GRC News – December 2023

December 19, 2023


We are pleased to distribute the December 2023 issue of the GRC News.

GRC Director Andrew Wister's Foreword:

As Director of the Simon Fraser University Gerontology Research Centre (GRC), I am delighted to share with you the December 2023, Volume 42, Issue 2 of the GRC News. I want to begin my message by extending warm Holiday Wishes to the wide-ranging Gerontology community, comprised of SFU students, faculty, research and support staff, and administration; community members working in the field; seniors and organizations serving older adults; government personnel; our many benefactors; and those working in the private sector to meet the diverse needs of older people. This issue continues to highlight a number of activities celebrating the 40th anniversary of the GRC (1982) and department (1983), in particular, the Ellen Gee Memorial Lecture. We spotlight a number of research and community outreach activities carried out by GRC members and gerontology faculty, research staff, and students.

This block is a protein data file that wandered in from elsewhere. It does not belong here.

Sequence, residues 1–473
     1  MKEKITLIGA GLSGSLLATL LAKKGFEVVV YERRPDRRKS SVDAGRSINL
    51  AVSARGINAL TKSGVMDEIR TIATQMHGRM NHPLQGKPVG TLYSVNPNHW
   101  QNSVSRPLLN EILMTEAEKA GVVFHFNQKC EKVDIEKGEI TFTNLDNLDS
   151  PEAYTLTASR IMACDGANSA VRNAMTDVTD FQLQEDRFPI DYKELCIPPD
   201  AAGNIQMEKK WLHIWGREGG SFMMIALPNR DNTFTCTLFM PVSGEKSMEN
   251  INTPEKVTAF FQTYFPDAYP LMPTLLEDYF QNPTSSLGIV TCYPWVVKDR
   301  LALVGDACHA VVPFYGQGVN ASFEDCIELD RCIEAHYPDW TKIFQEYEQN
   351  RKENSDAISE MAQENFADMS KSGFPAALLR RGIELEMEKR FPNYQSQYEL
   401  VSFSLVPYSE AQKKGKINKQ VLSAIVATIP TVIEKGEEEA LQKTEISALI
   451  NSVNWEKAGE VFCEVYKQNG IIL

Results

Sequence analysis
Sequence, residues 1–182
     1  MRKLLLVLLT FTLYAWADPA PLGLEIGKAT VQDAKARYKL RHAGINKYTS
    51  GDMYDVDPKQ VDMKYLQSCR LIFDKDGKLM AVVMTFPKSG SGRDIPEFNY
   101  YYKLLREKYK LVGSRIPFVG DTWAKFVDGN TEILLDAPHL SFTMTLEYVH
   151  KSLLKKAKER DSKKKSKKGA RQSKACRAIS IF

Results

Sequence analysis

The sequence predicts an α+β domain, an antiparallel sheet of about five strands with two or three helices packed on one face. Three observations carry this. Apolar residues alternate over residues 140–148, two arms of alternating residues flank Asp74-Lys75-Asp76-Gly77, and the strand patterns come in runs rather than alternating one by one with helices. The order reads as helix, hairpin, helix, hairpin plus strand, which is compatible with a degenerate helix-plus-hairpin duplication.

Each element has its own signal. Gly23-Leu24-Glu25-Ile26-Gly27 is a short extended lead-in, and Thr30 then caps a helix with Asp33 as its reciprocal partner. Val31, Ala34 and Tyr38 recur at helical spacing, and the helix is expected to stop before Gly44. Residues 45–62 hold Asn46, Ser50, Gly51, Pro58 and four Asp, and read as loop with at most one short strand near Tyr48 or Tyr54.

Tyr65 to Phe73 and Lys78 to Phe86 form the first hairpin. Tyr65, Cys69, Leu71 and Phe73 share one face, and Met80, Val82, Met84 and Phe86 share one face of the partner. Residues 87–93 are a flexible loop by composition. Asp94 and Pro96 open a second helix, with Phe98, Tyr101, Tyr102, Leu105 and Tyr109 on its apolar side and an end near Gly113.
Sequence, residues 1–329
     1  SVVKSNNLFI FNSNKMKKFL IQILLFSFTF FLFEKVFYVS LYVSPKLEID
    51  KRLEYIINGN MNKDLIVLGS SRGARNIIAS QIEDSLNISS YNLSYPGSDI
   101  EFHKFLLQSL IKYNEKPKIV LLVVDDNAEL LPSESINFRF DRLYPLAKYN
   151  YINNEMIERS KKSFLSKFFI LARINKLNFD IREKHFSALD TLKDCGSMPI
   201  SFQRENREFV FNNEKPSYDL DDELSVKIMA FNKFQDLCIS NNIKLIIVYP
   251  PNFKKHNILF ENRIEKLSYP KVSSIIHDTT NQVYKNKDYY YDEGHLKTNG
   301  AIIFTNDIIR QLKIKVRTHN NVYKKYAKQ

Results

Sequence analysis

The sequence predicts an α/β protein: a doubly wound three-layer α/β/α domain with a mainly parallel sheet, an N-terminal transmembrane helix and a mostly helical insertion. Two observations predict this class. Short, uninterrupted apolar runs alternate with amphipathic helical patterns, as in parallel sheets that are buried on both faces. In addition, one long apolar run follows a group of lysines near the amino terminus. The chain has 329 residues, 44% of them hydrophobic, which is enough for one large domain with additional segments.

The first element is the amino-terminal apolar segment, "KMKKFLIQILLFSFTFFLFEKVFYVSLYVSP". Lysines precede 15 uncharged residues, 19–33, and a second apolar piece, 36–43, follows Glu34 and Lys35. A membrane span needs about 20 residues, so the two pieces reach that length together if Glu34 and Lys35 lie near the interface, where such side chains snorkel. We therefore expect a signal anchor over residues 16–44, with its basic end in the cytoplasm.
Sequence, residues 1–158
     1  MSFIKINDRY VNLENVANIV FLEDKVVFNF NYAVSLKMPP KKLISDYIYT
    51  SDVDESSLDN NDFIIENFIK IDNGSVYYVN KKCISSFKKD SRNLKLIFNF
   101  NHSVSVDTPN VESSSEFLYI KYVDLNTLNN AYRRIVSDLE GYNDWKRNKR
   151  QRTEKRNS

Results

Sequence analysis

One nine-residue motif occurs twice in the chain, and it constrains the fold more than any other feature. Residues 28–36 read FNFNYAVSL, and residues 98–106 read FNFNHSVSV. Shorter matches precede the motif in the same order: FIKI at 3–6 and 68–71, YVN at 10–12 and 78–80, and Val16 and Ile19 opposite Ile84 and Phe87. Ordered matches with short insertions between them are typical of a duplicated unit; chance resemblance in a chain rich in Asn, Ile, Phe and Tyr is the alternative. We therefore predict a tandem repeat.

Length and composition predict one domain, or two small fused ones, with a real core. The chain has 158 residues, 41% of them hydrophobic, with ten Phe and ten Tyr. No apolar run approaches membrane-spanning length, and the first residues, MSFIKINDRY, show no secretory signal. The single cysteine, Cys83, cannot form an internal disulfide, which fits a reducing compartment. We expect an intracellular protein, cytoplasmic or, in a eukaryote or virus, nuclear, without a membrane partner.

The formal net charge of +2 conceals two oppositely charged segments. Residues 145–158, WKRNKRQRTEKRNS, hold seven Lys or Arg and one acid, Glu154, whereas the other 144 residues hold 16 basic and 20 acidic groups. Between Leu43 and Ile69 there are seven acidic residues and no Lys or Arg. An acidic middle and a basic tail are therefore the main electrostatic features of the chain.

The GRC members and department had a very strong presence at the Canadian Association on Gerontology Annual Scientific and Educational Meeting held in Toronto ON, October 26-28, 2023; and the Gerontological Society of America Meeting held in Tampa Bay, FL, November 8-12, 2023. Additionally, the newest post-doctoral fellow of the GRC, Julie Beadle, is interviewed about their research program in hearing loss, social isolation and cognition among older adults. We also recognize several of our benefactors in this newsletter, who we are deeply indebted for their continued support of the research, teaching and outreach activities of the GRC and department. We look back at 2023 with both positive and negative emotions. While the world continues to recover from the pandemic and attempts to address issues that were exposed, such as deficiencies in our long-term care system in Canada, we continue to be challenged by systemic problems. Global conflict, economic problems, ageism, and the erosion of tolerance of diversity, to name a few, compromise the well-being of older people, and the communities and societies in which we all live. Simon Fraser University’s Gerontology Research Centre is committed to our mission of enhancing the health and well-being of older people through research, training, and knowledge dissemination via well-established community connections. I hope that you enjoy this issue of the GRC News.